binjr is a time series data browser; it renders time series data produced by other applications as dynamically editable charts and provides advanced features to navigate through the data in a natural and fluent fashion (drag & drop, zoom, history, detacheable tabs, advanced time-range picker).
It is a standalone client application, that runs independently from the applications that produce the data; there are
no application server or server side components dedicated to binjr that needs to be installed on the source.
Like a generic SQL browser only requires a driver to connect and retrieve data from a given DBMS, binjr only needs one specifically written piece of code - here called a data adapter - to enable the dialog with a specific source of time series data.
binjr was originally designed - and it still mostly used - to browse performance metrics collected from computers and software components, but it was built as a forensic analysis tool, to investigate performance issues or applications crashes, rather than as a typical monitoring application.
Because of that, the user experience is more reminiscent of using a profiling application like WPA
than a dashboard-oriented platform like Grafana: it revolves around enabling the user to compose
a custom view by using any of the time-series exposed by the source, simply by dragging and dropping them on the view.
That view then constantly evolves, as the user adds or removes series, from different sources, while navigating through it by changing the time range, the type of chart visualization and smaller aspects such as the colour or transparency for each individual series.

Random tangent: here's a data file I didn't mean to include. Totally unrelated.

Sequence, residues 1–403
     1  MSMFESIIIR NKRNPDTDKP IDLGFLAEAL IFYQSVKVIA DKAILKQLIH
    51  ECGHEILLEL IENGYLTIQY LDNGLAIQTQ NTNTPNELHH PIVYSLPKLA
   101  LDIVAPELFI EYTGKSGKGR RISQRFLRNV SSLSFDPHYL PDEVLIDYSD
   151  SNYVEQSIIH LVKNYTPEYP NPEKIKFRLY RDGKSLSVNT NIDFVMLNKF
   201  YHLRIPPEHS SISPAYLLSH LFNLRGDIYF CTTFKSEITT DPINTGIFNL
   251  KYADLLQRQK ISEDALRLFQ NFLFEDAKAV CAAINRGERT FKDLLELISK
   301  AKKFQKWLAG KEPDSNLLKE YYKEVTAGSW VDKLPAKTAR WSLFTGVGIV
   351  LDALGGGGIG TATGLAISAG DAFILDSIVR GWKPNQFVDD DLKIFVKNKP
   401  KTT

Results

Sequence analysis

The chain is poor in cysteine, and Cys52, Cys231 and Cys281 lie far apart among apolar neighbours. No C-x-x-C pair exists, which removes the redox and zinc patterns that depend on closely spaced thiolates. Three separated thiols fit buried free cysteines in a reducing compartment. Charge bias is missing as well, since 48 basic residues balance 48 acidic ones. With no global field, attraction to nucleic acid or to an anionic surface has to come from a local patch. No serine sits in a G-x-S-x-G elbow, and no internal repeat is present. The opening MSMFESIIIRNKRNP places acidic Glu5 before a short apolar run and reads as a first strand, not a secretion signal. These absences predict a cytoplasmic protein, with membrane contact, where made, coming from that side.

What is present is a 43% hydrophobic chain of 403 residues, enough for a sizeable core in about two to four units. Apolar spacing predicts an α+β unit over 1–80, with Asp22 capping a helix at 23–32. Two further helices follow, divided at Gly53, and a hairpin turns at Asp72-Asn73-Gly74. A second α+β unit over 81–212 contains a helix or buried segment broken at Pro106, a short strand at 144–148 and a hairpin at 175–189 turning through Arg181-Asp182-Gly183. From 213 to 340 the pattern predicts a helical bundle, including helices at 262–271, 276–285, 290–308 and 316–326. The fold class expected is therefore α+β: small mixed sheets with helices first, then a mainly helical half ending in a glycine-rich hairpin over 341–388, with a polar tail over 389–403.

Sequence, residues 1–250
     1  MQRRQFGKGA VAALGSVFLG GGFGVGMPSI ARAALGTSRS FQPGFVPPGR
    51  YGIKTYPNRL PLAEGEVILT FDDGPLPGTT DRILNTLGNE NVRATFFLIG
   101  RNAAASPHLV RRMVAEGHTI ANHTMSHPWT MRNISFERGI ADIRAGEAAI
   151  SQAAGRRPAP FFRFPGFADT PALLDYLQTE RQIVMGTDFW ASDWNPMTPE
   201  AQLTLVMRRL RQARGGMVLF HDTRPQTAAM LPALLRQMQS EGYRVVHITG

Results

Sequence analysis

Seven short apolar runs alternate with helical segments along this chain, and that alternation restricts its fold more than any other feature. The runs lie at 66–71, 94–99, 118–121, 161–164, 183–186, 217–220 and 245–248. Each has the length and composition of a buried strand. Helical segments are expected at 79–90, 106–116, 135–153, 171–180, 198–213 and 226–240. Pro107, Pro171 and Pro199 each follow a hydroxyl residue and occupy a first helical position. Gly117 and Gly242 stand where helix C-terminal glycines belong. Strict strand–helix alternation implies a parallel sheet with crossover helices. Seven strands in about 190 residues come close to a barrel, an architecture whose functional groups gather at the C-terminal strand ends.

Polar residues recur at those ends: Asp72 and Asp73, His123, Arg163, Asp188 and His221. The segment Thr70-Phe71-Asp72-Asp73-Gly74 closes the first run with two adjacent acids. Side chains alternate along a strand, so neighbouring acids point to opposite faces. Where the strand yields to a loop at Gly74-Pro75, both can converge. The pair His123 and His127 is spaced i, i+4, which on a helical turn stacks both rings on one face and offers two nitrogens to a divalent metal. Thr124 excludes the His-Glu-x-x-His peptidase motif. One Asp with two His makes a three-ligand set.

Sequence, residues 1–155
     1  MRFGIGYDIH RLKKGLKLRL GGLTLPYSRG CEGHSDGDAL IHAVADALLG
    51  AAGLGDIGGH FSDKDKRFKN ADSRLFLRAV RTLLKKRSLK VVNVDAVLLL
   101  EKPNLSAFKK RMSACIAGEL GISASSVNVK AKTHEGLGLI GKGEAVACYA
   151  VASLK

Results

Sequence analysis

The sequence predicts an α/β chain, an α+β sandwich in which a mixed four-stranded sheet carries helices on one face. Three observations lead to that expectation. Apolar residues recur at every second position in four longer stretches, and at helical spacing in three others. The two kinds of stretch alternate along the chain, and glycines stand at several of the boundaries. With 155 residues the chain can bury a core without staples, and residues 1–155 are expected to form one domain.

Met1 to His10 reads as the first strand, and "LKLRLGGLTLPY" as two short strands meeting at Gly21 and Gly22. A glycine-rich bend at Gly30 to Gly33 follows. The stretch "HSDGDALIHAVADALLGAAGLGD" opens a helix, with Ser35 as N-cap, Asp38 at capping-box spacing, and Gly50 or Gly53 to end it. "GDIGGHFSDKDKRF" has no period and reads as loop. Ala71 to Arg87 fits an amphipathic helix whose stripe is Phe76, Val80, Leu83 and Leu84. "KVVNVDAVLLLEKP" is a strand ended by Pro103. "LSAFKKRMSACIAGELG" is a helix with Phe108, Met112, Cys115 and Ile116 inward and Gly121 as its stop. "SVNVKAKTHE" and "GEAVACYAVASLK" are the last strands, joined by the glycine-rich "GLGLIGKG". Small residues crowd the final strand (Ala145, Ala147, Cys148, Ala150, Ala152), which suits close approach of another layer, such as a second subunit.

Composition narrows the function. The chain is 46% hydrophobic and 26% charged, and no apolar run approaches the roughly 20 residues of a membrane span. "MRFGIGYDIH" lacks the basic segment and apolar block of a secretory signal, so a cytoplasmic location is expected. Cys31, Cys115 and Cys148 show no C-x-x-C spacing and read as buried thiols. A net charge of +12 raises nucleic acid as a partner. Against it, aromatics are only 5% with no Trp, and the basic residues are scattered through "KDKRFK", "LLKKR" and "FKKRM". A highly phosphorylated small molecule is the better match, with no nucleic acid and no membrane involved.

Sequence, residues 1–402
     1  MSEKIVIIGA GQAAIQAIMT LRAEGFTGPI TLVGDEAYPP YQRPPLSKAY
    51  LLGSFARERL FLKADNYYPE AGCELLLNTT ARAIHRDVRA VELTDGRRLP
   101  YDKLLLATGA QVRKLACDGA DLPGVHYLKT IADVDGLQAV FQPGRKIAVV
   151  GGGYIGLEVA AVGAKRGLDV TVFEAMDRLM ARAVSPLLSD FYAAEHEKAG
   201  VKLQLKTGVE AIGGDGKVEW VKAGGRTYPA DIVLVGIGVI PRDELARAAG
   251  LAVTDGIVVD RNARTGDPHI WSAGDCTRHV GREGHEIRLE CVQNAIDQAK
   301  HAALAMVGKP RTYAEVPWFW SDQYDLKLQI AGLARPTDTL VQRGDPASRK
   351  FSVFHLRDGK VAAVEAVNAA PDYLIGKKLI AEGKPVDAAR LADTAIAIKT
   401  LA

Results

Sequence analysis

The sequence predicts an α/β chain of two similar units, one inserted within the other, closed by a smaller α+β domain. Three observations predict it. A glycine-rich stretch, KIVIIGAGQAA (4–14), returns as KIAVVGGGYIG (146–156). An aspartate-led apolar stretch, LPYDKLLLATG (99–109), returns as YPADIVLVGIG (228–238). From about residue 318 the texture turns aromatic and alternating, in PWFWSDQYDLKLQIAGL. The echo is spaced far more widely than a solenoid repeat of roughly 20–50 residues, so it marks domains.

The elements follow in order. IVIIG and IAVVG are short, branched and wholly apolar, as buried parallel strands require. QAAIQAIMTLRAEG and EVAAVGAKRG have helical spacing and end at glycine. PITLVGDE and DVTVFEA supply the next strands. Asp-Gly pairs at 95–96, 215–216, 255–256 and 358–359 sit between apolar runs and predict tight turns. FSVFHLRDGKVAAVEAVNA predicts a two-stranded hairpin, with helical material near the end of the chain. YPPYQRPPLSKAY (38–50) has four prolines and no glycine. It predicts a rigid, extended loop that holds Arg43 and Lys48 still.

The user can then save the current state of the session at any time to a file, in order to reopen it later or to share it with someone else.
Data source agnostic
- Standalone, client-side application.
- Can connect to any number of sources, of different types, at the same time.
- Communicates though the APIs exposed by the source.
- Supports for data sources is expendable via plugins.
Designed for ad-hoc view composition
- Drag and drop series from any sources directly on the chart view.
- Mix series from different sources on the same view.
- Allows charts overlay: create charts with several Y axis and a shared time line.
- Highly customizable; choose chart types, change series colours, transparency, legends, etc...
- The whole working session can be saved to a file at any time, to reopen later or to share it with someone else.
- Drag and drop driven zoom of both X and Y axis.
- Browser-like, forward & backward navigation of zoom history.
- Advanced time-range selection widget.
- Create many charts views in detachable tabs, which you can synchronize to the same time line.
Fast, responsive & aesthetically pleasing visuals
- Built on top of JavaFX for a modern look and cross-platform, hardware accelerated graphics.
- Three different UI themes, to better integrate with host OS and fit user preferences.
Java based application
- Cross-platform: works great on Linux, macOS and Windows desktops!
- Strong performances, even under heavy load (dozens of charts with dozens of series and thousands of samples).
Supported data sources
binjr can consume time series data provided by the following data sources: